Here is a quick overview on some of the recent technology, data security, and recycling related news that HOBI’s blog reported on during the week March 26 – 29, 2018.
The Internet of Things (IoT) and all its connected devices have brought new efficiency into our lives, from helping us in the workplace to our daily tasks – many can’t seem to get through a day without them. And now, it seems like the IoT will help boost job growth. While there is some worry that IoT and advanced technologies will replace employees with automated systems, many experts believe that the growth in IoT will more than likely lead to a job revolution. Yes, AI and advanced software can make processes more efficient, however, humans are still an essential part of the creation and advancement of IoT technologies, as well as the crucial factor in maintaining them. As a result, there’s a growing demand in many sectors of the IoT industry.
For decades, there has been a fierce ongoing debate on U.S. export policies. However, despite which side you find yourself on, one thing continues to remain true about the topic: Choosing to ship material halfway around the world, particularly to less developed countries, is counterintuitive to the basic goal of managing the domestic e-scrap stream. Yet, while controversial, a majority of the industry relies on exporting. This is what makes U.S. export laws to be a tricky topic to grasp. This article takes a look at how certifications and international law are further shaping export expectations, and how they are aiming to help electronics recovery stakeholders understand the policies, market forces and societal implications that are shaping the way material flows around the globe.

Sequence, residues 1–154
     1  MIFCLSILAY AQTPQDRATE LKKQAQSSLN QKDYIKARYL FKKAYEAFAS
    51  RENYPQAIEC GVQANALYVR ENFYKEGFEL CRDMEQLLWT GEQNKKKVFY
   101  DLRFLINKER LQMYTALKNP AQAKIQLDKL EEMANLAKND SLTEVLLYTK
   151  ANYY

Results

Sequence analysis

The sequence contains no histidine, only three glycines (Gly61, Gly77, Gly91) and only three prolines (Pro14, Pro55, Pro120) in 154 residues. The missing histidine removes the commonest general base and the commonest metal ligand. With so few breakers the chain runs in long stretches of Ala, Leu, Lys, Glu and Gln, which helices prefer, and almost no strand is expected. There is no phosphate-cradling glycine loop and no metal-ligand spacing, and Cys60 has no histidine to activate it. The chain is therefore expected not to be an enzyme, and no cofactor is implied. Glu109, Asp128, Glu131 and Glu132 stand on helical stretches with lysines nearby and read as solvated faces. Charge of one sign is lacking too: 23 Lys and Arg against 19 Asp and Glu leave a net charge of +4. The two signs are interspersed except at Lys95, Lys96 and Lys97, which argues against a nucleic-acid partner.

When you think of the hyper-connected future, what do you imagine? With smart cities on the rise, it’s clearly evident that we’ll soon begin to see many cities embracing large-scale IoT projects. However, there seems to be a debate on whether this concept is a secure enough future that we should embrace. Without question, we know that technology is the future, but this does not mean that it won’t come without it’s fallbacks. And whichever side of the debate you find yourself on, one truth is clearly evident and that is: Data security needs to be a top priority for connected devices. Having connected devices in our lives certainly makes life easier, but it’s important that users still have control of any personal information that remains on their devices.
Recently, we’ve seen a handful of organizations exploiting their online visitors by hijacking CPUs and processors to do the bookkeeping of cryptocurrency networks of Bitcoin and Ethereum. And while it may be a devious and shady practice, ‘borrowing’ someone else’s computer to do your bidding is a legal grey area. Yet, malicious or not, a website that cryptomines without your consent is worrying to the point that you’d probably look to steer clear of such sites, or at least take the necessary measure to protect your computer. Therefore, provided are a few methods users can easily conduct to help protect themselves from cryptomining that may be happening on their CPUs without their knowledge.